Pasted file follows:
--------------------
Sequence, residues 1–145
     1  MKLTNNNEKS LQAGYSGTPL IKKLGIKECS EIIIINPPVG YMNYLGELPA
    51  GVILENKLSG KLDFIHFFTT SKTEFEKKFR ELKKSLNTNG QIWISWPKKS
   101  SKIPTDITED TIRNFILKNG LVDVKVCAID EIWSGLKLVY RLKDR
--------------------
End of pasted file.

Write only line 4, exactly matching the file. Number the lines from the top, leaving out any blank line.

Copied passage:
   101  SKIPTDITED TIRNFILKNG LVDVKVCAID EIWSGLKLVY RLKDR